My first thought when he got sick -- even before his possible mortality, or the fact that he might suffer -- was about insurance. The others were a close second, but the first thing that flashed through my brain was he might be uninsurable.
During this election year most media outlets are going to continue to report the most mundane stuff in ways that they think will interest you. Why? It is not in their interests to lessen the revenue stream and it is in their interests to keep you afraid and in the dark.
It was a similar crew of conservative justices on the Supreme Court that decided that their long-held beliefs on states' rights were irrelevant and made George W. Bush our next president in 2000. Now, they're back -- and they might decide yet another presidential election.
As the Supreme Court, on this third and final day, weighs the future of the Affordable Care Act (AKA "Obamacare"), the saga of Kenya's journey these past few months demonstrates the life-or-death significance of the Court's deliberations.
If the federal government can compel an individual to purchase insurance when he/she is consuming healthcare services, then the argument that the government cannot mandate a person to purchase a privately-offered product is thrown out the window.
The federal government represents voters, so it can tax voters and impose mandates on voters, whether these mandates oblige constituents to join militias or buy muskets, to serve on juries, or buy health-care insurance.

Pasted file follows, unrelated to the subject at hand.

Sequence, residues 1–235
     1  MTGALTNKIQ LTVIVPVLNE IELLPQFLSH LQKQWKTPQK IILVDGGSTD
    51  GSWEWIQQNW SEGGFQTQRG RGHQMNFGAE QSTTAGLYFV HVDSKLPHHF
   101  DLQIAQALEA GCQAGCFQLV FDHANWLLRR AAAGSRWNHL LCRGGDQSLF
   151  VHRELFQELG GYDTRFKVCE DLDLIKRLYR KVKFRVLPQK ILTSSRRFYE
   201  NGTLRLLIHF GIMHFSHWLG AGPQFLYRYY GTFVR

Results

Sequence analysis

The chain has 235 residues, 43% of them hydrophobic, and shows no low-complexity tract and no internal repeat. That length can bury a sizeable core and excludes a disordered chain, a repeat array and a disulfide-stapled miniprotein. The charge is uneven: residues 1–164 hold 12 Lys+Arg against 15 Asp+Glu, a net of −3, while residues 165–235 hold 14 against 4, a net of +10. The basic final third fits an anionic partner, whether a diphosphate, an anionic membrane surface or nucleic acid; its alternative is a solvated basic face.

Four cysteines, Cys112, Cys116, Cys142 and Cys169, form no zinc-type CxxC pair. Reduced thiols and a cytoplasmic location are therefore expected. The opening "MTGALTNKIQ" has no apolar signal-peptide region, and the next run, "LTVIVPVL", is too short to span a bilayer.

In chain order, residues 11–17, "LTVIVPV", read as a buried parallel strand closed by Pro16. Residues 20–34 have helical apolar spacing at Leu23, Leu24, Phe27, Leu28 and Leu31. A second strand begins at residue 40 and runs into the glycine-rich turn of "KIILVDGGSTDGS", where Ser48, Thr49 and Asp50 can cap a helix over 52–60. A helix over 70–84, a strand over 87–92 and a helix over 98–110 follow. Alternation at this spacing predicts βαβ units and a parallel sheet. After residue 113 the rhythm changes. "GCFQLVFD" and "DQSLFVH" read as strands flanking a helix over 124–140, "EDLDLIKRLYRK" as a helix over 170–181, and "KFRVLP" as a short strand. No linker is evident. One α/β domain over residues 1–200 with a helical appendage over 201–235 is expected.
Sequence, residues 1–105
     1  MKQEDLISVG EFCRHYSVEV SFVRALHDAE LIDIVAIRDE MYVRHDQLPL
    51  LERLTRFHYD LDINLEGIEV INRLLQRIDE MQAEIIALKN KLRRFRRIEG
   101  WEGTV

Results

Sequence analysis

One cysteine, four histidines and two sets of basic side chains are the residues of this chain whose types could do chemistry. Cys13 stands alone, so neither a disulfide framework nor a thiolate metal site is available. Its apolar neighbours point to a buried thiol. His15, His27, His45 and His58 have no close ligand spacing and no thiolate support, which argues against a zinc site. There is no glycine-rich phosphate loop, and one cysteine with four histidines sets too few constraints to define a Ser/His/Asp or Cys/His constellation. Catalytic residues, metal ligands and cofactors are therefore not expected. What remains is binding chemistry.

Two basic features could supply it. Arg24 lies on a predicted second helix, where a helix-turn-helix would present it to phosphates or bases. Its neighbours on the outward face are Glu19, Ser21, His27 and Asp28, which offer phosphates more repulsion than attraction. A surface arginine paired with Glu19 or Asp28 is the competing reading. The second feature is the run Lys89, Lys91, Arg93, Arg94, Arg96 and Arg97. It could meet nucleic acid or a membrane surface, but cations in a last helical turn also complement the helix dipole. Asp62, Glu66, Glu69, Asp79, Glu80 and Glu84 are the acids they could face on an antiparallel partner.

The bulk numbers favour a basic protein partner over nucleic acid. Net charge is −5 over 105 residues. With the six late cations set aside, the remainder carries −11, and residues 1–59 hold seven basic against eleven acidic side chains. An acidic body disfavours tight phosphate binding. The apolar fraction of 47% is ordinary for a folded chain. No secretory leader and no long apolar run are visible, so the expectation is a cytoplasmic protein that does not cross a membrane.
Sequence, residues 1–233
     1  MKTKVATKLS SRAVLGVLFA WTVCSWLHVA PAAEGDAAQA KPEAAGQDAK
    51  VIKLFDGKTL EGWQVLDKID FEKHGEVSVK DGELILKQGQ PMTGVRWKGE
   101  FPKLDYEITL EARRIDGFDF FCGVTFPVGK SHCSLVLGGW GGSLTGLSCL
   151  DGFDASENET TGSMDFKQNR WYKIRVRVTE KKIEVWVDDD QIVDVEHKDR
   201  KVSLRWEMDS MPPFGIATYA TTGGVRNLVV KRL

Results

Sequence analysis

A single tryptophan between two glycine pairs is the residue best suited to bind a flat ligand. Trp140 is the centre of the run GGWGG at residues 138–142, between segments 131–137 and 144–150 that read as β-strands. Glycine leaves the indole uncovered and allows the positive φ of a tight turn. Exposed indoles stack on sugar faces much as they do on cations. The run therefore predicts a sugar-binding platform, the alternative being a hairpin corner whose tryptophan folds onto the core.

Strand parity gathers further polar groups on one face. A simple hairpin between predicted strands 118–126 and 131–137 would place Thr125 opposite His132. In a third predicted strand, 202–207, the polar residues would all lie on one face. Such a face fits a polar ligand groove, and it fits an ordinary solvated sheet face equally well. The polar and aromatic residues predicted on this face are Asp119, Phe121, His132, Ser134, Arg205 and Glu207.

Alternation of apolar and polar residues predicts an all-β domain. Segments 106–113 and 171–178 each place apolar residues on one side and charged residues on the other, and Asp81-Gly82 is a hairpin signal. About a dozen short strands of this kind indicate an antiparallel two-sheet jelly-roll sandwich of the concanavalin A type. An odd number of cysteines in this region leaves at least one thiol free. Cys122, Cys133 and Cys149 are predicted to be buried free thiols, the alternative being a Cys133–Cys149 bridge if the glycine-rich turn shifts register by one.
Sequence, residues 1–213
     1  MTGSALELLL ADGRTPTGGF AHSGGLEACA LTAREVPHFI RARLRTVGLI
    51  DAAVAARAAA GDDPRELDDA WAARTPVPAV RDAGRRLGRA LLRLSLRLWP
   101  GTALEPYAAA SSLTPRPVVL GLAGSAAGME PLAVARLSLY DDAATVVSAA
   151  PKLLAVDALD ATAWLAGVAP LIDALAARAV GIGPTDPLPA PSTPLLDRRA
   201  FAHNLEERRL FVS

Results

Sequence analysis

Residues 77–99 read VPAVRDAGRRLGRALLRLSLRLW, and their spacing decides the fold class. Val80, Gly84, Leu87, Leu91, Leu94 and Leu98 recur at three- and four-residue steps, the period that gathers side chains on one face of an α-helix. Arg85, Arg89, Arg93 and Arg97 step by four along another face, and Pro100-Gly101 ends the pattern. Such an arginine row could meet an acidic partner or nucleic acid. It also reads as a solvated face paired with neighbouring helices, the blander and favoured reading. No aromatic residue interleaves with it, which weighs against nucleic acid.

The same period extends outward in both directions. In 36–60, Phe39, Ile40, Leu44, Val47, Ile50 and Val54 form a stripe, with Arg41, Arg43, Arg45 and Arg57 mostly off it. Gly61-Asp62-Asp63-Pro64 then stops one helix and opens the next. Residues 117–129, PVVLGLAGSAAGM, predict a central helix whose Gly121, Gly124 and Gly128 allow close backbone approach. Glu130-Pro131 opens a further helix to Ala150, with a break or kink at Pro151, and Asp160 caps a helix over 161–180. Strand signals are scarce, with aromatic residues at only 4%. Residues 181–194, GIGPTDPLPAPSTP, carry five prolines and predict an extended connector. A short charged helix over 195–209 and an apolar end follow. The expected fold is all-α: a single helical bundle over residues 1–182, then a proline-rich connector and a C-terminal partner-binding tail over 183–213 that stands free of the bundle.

Reagan and Matalin skip who's up-down in the GOP contest to debate spurting gas prices, the constitutionality of "Obamacare" and our exit strategy from Afghanistan post- massacre. Then: do presidential speeches ever matter, Mr. Reagan?
Most people would be surprised to know that at our federal courthouse, a transplanted Miamian recently wrote an opinion that should provide the intellectual template for a Supreme Court affirmation of Affordable Health Care Act.
When this case comes to the Supreme Court, the question is going to turn on whether compelling someone to buy something is regulation of commerce, and whether the mandate is "necessary" for health care reform.
A little-discussed provision of the Affordable Health Care Act provides an extraordinary opening for Democratic candidates to deliver a simple message that will resonate with voters and sweep them into office. Yes, this year.